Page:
## Problem: Find the second rightmost bit in a number (1 line code)

Presented with the integer `n`

, find the 0-based position of the second rightmost zero bit in its binary representation (it is guaranteed that such a bit exists), counting from right to left.

Return the value of `2`

.^{position_of_the_found_bit}

**Example**

For `n = 37`

, the output should be

`secondRightmostZeroBit(n) = 8`

.

`37`

. The second rightmost zero bit is at position _{10} = 10**0**101_{2}`3`

(0-based) from the right in the binary representation of `n`

.

Thus, the answer is `2`

.^{3} = 8

def secondRightmostZeroBit(n): return 2**(len(bin(n)[2:])-1-bin(n)[2:].rfind('0',0,len(bin(n)[2:])-(len(bin(n)[2:]) - bin(n)[2:].rfind('0'))))

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## Kevin Bui 11:42 am

onOctober 11, 2016 Permalink |There’s actually a way to do this with just pure bit-operations. First, n | (n+1) turns off the rightmost 0 bit (since we want to find the second rightmost). Then by negating that and AND’ing it with the number that’s +1 isolates the rightmost 0 bit:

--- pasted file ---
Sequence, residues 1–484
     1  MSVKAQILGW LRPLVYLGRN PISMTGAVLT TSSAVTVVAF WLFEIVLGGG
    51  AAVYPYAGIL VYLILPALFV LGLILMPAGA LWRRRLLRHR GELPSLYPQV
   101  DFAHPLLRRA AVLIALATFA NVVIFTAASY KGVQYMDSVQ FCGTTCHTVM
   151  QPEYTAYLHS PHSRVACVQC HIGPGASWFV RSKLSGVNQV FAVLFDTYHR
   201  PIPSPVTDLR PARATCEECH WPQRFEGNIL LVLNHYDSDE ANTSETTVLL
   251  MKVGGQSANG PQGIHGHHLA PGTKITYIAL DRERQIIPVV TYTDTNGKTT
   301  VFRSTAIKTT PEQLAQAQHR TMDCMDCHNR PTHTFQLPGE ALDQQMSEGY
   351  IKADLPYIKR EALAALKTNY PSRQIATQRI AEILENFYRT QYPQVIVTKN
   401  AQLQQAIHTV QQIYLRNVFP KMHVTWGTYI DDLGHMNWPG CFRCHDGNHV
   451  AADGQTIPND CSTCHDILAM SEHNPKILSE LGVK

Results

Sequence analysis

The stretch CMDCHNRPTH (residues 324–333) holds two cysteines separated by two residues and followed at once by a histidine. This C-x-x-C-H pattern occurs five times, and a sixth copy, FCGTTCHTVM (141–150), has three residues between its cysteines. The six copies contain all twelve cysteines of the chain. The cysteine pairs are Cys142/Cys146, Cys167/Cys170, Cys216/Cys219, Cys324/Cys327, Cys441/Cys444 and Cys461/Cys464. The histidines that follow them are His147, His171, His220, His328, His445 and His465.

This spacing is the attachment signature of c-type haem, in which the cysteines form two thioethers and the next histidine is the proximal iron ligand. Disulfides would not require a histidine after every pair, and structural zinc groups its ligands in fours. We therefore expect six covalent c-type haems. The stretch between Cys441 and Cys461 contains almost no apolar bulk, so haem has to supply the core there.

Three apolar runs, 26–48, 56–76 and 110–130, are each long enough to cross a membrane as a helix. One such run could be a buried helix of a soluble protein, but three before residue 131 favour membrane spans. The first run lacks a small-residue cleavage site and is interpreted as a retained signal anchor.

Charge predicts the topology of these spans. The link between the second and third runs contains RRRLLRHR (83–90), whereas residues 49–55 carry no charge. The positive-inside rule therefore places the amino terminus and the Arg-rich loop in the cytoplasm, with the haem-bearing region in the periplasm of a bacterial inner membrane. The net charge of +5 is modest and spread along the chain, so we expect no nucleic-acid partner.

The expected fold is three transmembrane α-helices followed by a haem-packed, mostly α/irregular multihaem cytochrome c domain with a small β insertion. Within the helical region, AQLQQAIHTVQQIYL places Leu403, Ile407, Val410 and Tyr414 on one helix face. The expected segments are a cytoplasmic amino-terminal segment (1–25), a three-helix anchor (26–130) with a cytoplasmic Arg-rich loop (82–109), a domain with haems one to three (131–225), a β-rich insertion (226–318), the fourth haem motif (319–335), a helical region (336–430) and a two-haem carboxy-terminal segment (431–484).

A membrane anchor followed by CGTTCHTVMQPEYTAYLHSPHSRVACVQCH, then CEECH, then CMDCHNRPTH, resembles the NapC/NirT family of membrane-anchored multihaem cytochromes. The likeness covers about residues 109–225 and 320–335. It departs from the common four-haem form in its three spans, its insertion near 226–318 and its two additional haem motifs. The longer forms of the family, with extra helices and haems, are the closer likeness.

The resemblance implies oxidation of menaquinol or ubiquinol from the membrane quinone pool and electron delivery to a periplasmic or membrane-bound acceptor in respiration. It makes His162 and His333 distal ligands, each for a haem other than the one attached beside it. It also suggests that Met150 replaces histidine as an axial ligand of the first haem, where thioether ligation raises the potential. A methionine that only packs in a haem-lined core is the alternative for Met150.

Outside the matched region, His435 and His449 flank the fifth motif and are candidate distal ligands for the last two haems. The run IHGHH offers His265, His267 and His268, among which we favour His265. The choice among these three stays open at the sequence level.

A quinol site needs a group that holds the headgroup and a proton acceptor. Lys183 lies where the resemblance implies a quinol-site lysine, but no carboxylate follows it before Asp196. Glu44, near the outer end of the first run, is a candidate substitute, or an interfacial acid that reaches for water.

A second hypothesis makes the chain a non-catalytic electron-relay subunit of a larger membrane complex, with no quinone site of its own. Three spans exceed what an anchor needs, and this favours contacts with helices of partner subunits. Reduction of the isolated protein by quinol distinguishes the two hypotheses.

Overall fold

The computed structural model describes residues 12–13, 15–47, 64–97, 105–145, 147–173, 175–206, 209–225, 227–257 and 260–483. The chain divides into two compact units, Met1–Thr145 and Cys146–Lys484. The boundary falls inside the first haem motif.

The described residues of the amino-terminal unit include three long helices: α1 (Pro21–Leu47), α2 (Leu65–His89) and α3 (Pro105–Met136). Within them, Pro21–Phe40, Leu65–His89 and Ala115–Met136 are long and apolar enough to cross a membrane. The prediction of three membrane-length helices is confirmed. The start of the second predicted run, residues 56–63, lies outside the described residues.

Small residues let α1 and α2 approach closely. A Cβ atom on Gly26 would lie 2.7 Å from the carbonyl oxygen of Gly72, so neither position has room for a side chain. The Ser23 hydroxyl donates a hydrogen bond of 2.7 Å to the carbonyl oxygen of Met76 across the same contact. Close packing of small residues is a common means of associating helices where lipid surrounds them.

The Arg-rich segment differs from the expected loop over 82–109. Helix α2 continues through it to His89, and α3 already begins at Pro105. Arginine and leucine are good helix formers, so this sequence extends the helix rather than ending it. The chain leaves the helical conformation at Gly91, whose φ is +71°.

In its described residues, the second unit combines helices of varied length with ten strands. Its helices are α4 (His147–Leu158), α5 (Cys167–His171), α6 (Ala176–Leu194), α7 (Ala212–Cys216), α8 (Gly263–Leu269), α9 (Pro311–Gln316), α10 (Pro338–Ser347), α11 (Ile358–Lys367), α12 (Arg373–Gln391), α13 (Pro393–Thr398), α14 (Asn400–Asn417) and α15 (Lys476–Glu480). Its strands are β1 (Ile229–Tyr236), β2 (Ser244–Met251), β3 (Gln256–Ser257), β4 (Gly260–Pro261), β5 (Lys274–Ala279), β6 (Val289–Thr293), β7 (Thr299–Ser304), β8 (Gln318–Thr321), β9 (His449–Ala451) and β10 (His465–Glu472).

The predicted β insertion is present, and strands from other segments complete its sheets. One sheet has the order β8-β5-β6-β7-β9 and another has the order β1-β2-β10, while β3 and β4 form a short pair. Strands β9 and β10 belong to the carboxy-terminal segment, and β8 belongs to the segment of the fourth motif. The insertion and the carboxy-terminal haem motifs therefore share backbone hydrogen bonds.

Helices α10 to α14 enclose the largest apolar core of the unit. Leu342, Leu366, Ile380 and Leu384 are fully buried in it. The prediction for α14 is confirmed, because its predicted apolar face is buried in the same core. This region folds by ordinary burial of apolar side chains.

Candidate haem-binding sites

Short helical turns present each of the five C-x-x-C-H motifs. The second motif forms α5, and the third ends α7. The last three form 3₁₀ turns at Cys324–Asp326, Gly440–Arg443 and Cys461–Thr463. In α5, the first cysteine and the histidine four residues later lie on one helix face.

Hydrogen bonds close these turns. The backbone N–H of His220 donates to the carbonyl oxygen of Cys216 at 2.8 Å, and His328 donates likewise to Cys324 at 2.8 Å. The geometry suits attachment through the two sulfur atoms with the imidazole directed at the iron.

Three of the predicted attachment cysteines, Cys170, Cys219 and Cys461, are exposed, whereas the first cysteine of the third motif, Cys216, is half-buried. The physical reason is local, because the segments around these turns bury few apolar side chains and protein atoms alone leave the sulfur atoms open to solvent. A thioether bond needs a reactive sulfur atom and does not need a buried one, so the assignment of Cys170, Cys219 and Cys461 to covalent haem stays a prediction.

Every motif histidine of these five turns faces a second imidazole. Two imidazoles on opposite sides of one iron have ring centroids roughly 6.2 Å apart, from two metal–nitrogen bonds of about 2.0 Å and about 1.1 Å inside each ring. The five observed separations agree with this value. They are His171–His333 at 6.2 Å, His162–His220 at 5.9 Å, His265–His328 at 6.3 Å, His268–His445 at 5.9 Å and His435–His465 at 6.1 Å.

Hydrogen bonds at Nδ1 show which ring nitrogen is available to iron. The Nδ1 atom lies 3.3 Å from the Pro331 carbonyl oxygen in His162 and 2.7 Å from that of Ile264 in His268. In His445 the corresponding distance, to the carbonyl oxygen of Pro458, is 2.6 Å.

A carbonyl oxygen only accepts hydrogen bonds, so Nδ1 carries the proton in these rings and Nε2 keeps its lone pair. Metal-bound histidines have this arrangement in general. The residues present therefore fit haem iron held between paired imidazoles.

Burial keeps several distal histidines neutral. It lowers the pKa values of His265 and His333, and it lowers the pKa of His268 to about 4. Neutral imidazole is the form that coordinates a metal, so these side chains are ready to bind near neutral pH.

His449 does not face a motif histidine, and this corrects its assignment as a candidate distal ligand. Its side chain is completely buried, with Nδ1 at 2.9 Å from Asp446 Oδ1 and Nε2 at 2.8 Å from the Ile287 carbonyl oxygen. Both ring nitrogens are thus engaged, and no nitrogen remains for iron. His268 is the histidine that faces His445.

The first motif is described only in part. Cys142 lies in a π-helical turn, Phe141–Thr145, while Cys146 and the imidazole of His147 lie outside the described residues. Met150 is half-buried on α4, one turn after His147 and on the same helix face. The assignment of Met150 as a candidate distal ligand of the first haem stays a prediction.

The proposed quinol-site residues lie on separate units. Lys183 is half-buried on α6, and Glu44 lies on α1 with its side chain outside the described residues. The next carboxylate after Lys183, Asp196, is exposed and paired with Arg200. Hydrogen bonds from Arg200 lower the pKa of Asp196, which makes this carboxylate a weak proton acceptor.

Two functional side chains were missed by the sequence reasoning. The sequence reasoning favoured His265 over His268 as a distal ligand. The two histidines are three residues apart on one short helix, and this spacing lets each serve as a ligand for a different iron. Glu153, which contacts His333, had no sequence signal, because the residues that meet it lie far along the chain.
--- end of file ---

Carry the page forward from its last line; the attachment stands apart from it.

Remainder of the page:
return (n | (n+1) + 1) & ~(n | (n+1))

Example: (for 10110111 we want to get 01000000)

n: 10110111

n+1: 10111000

n | (n+1): 10111111

~(n | (n+1): 01000000

(n | (n+1) + 1: 11000000

(n | (n+1) + 1) & ~(n | (n+1)): 01000000

## loctv 10:20 am

onOctober 12, 2016 Permalink |Cool! I’m really bad at bit map manipulation, but I think this problem cant be solved with pure bit-operations like this, since the problem requires just one line of code and python does not have built-in flip bit operator.

## Kevin Bui 11:29 am

onOctober 12, 2016 Permalink |Instead of the negate operator, you can substitue it with -n -1 since they’re equivalent, though more verbose 😦

## loctv 11:46 am

onOctober 12, 2016 Permalink |Oops! my bad, it does have flip bit operator. Nice solution 🙂